Sous Vide Diary: Chuck Tender Steak

Monday, September 05, 2011

When you think of steaks, you will normally think of sirloin or rib-eye. Or the more expensive tenderloin.

The rest are "the rest." You throw them into a stew or rendang, often cut into smaller pieces.

They are normally cheaper because they are "not tender."

There is a pre-occupation with whether a steak is "tender" and if your knife can easily cut through it, then it must be good.



But, what about the flavour? What about the texture? For a discerning steak-lover, there are many factors he is looking for that characterizes a "good steak", even if he is not able to articulate each of them. In fact, I find tenderloins rather flavorless and this may explain why restaurants serve them with sauces and stuff, all nicely plated up.

Tougher cuts like rump, shin, cheek and chuck are all very flavorful. The French knew this very well and have mastered the art of using and cooking them. When braised and slow-cooked, the flavour permeates the dish. You would have heard of Beef Bourguignon.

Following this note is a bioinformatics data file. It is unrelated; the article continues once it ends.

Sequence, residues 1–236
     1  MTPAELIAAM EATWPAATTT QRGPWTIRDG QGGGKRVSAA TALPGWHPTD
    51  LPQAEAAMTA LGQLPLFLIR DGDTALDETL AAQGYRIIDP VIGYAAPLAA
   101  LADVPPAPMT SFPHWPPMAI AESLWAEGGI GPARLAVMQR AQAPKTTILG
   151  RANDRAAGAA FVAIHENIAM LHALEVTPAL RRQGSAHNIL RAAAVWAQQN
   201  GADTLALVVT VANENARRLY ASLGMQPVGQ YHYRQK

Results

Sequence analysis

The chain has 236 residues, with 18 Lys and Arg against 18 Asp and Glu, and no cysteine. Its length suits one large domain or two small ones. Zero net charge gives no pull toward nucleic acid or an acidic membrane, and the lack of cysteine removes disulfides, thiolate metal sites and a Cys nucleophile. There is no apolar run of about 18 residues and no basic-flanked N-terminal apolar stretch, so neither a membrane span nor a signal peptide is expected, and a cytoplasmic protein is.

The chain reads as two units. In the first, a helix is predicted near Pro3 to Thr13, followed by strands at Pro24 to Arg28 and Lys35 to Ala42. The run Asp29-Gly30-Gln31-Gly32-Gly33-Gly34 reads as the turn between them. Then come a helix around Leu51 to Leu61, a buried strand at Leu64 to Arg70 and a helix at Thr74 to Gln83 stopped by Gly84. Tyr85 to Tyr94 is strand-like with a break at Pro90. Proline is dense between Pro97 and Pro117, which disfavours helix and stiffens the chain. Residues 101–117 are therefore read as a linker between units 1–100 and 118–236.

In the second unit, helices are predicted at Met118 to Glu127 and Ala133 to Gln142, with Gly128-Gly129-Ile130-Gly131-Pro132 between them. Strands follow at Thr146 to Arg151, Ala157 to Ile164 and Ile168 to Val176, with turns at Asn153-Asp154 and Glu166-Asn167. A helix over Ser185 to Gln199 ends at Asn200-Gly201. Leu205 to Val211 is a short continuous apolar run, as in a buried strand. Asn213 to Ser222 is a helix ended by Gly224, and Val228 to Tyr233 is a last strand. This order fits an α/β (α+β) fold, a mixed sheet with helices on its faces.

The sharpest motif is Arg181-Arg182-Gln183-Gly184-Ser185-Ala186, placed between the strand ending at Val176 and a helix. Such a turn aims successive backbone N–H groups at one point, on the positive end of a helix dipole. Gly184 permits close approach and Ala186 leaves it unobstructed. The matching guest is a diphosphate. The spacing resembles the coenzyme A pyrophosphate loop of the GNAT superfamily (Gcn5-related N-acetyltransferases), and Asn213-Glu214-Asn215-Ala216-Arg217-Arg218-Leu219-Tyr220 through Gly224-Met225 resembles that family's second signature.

The Sous Vide method (pronounced suːˈviːd/) has made it easier to make "steaks" out of cuts that are traditionally braised. I have experimented with it recently - SV it to tenderise. Then pan-sear it briefly for the "Maillard reaction" to brown and caramelize the steak. Enjoy with salt and pepper.   

Personally, I love the way chuck tender steaks turned out with SV. It was SV-ed for 12 hours at 55 °C. It turned out flavorful, beefy and I liked the texture. And with SV it turns out a beautiful pink, to be enjoyed after you have seared the steak for about a minute on each side. There are small layers of fat on the side which adds to the flavour. It is a new experience for me and I enjoyed every bit of it. And even more considering that this is a cheaper cut at $2+ per 100 gm.

Throughout the vacuuming, cooking and searing process, I did not use any marinade. After the pan-searing, I ate it with some seasalt and black pepper. That's all. 

Chuck Tender Steaks from the supermart
Veal Osso Bucco Steaks also turned out well with SV. The marrow is "sinful" but is literally the heart of the meat. It is normally braised and so, it took some getting used to and enjoy it as a seared steak. The meat was firm but tender as the knife cuts through it easily. Per gm, this meat is not expensive at $3+.

Pan-searing the Osso Bucco Veal Steak
Home SV cooking is certainly a new and enjoyable experience thus far. And definitely very useful and it expands my options. 

I will be using it for some local dishes and blog my experience.

You Might Also Like

5 comments

  1. Can't wait to hear about your Sous Vide Pak Cham Kai!

    ReplyDelete
  2. Interesting idea. Will give it a shot :)

    ReplyDelete
  3. Hi Terry

    I was reccomended by Jen to read your blog .. The sous vide method is really great !!
    Thanks :)

    Tina

    ReplyDelete

//]]>